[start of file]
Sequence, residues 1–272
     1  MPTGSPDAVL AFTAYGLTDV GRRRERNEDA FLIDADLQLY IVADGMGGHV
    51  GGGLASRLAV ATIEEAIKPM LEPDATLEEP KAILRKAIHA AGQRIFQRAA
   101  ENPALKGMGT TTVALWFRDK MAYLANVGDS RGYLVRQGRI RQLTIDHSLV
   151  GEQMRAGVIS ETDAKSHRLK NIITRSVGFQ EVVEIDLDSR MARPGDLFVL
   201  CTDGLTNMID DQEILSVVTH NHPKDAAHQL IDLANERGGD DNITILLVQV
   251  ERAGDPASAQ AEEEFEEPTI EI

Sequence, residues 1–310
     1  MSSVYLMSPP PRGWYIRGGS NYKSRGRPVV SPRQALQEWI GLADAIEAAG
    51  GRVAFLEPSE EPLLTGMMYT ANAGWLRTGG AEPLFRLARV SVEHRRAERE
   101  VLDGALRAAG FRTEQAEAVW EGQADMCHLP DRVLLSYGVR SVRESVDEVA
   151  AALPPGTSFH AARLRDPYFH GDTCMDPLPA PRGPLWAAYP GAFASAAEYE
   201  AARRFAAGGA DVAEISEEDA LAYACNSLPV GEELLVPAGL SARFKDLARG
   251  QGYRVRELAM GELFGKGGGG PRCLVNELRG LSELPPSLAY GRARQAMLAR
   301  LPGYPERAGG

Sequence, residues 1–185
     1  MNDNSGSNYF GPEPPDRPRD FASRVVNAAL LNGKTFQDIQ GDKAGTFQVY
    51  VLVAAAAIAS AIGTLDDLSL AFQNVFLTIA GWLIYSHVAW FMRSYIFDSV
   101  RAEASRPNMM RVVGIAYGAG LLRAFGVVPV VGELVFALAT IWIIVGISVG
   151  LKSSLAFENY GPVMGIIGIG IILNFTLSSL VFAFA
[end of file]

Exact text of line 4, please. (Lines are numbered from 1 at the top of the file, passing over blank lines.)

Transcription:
   101  ENPALKGMGT TTVALWFRDK MAYLANVGDS RGYLVRQGRI RQLTIDHSLV